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The Gift of the Holy Spirit Today

The final installment from Professor Williams’ book, The Gift of the Holy Spirit Today, about the greatest reality of our time.

The Gift of the Holy Spirit Today: Effects, Part 1 (Chapter 8)

Epilogue & Bibliography

This book has been written with excitement and hope. If it is true that many people today are freshly experiencing the gift of the Holy Spirit, there is much to be excited about. For in this gift there is fullness of God’s presence and power—and entrance into a whole new dimension of praise, witness and action. Also there is much to be hoped for: that people everywhere will become alert to the possibility of this gift, respond to God’s offer of its availability and thereby receive it from the exalted Lord.

Perhaps these pages will have come as a surprise to some readers. For it is a fact that despite the high significance of the gift of the Holy Spirit, many persons have little knowledge or understanding of it. Such a question as Paul’s, “Did you receive the Holy Spirit when you believed?” (Acts 19:2), may seem totally irrelevant and meaningless to many. They may never really have thought about the matter, and perhaps they have not so much as heard about it.

Others in reading may have felt disturbed. First, there may be some who have long thought of the gift of the Holy Spirit in terms of a kind of divine immanence experienced in a mystical moment. With or without the mediation of Jesus Christ it is assumed that the spirit of a person may enter into union with the divine Spirit. Accordingly, there is already a given—hence gift-like—unity of the divine and human spirit which only needs to be realized through meditation and stripping away artificial barriers. Thus to read all this about the work of Jesus Christ in redemption and forgiveness of sins as necessary to the reception of the Spirit may seem strange and unwarranted. Second, there may be other readers who have long viewed this gift as so inseparably attached to the sacramental life of the church that all persons who receive the proper sacramental action (baptism, confirmation) invariably become recipients of this gift. Accord­ingly, there is no point in getting excited about or looking forward to the gift. For if one has been properly baptized (or confirmed, as the case may be), the gift presumably has been received. Third, there may be still other readers who view the gift of the Holy Spirit as identical with the gift of salvation; thus there is no gift to be considered beyond the new life in Christ. Indeed, some might say, does not the very idea of an additional gift detract from the all-sufficiency of Christ?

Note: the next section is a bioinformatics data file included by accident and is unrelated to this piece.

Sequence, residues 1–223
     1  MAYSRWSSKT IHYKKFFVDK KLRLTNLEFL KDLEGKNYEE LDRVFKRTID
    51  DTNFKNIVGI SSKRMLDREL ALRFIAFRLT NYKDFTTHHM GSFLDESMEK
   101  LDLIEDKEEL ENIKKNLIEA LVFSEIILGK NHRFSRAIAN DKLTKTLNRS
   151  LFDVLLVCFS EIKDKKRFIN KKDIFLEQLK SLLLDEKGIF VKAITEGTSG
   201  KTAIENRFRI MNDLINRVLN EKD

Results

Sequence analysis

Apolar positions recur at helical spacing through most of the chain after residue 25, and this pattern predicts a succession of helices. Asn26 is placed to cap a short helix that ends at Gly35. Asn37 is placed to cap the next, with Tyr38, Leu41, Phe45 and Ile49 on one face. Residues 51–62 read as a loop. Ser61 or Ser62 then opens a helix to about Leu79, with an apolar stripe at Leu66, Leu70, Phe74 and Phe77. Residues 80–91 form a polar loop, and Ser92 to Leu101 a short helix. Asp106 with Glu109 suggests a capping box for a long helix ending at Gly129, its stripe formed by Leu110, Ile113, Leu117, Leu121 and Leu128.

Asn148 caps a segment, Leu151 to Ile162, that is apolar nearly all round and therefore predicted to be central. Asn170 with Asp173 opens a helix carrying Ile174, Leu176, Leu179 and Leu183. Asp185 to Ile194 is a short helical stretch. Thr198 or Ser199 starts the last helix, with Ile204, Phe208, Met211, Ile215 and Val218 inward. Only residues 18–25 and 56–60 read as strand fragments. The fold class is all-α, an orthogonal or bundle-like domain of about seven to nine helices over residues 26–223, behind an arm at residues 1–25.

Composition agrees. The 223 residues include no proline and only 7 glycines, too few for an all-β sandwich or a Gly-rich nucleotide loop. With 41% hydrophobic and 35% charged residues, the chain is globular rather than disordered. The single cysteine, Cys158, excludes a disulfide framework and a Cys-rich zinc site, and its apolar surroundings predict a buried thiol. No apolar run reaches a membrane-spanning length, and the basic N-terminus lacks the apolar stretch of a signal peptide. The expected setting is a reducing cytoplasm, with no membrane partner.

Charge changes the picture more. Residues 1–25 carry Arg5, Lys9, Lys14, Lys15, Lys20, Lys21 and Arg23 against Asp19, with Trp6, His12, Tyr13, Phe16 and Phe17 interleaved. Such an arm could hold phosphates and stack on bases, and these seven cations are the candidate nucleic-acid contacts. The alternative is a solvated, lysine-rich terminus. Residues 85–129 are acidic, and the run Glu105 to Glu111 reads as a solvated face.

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Category: Fall 2004, Spirit

About the Author: J. Rodman Williams (1918-2008), Ph.D., is considered to be the father of renewal theology. He served as a chaplain in the Second World War, he was a church pastor, college professor, and key figure in the charismatic movement of the 1960s. Beginning in 1982, he taught theology at Regent University School of Divinity in Virginia Beach, Virginia, and became Professor of Renewal Theology Emeritus there in 2002. Author of numerous books, he is perhaps best known for his three volume Renewal Theology (Zondervan, 1996).

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